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BACKGROUND: ICD-10 has introduced the diagnostic group acute and transient psychotic disorders (ATPDs; F23). AIMS: To validate the nosological distinctiveness of ICD-10 ATPDs by following up an inception cohort with first-episode psychosis. METHOD: All patients with first-episode psychosis identified in Nottingham between 1992 and 1994 and diagnosed using ICD-10 criteria were reassessed 3 years later. ATPD outcomes were compared with schizophrenia and affective psychosis. Multivariate analyses were conducted to determine whether acute onset and early remission predicted favourable 3-year outcome in first-episode psychosis. RESULTS: Of 168 cases of first-episode psychosis, 32 (19%) received an intake diagnosis of ATPD. The diagnosis of ATPD was stable in women over 3 years, but not in men. Outcomes in ATPD were better than in schizophrenia and similar to affective psychosis. In non-affective psychoses, favourable outcomes were a function of gender and premorbid functioning rather than acute onset and early remission. CONCLUSIONS: The ICD-10 criteria for ATPDs identify a diagnostically unstable group of disorders. Acute onset and early remission do not independently predict favourable outcome over 3 years in first-episode psychosis.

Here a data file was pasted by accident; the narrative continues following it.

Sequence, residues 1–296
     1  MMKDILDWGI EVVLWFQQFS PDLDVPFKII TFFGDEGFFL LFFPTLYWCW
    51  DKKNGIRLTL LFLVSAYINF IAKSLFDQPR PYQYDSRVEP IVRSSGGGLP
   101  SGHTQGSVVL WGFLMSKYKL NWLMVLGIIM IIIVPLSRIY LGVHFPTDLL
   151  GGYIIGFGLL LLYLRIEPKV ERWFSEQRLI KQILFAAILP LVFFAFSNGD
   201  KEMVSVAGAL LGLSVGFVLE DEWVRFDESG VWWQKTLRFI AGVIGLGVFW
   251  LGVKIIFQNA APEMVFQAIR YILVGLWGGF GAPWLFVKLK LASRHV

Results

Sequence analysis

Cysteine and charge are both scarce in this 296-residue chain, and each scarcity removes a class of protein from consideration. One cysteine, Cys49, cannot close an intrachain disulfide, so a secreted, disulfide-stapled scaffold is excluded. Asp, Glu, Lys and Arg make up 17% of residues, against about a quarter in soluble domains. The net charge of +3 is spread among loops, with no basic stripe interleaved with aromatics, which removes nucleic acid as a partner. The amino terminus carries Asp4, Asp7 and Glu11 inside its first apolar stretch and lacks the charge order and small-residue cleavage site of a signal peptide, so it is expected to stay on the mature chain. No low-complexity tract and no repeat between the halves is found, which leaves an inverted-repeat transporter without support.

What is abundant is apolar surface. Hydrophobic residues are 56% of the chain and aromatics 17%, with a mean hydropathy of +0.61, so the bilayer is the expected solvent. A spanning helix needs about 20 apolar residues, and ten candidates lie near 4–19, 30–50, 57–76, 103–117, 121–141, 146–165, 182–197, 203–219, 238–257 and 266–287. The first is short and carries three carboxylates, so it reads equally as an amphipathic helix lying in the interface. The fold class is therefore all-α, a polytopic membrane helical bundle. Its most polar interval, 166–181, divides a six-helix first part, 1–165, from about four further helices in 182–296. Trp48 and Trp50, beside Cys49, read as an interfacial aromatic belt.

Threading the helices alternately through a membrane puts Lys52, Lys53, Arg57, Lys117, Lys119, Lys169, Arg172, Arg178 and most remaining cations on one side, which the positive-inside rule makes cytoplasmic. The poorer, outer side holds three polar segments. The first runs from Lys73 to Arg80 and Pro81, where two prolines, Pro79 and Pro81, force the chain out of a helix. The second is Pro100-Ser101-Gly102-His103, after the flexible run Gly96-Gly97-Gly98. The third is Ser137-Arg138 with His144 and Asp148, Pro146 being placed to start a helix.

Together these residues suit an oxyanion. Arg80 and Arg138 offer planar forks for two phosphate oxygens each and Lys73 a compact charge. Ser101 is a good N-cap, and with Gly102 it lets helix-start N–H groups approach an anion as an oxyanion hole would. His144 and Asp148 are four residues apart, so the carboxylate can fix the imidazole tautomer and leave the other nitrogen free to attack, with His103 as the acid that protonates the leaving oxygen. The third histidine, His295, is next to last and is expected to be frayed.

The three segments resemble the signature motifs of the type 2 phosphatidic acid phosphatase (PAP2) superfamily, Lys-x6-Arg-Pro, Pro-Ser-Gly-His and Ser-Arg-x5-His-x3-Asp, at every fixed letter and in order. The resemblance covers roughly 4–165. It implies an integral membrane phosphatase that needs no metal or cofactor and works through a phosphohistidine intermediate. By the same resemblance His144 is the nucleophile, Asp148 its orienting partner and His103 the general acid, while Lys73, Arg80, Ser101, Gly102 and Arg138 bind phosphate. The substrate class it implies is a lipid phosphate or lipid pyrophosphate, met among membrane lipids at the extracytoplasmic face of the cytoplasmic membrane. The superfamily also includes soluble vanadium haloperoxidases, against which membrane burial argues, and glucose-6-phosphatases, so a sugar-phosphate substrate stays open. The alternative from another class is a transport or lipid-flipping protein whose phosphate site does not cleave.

Original publication

DOI

10.1192/bjp.185.6.452

Type

Journal article

Journal

Br J Psychiatry

Publication Date

12/2004

Volume

185

Pages

452 - 459

Keywords

Adolescent, Adult, Age of Onset, Aged, Humans, Life Change Events, Middle Aged, Multivariate Analysis, Pedigree, Prognosis, Psychotic Disorders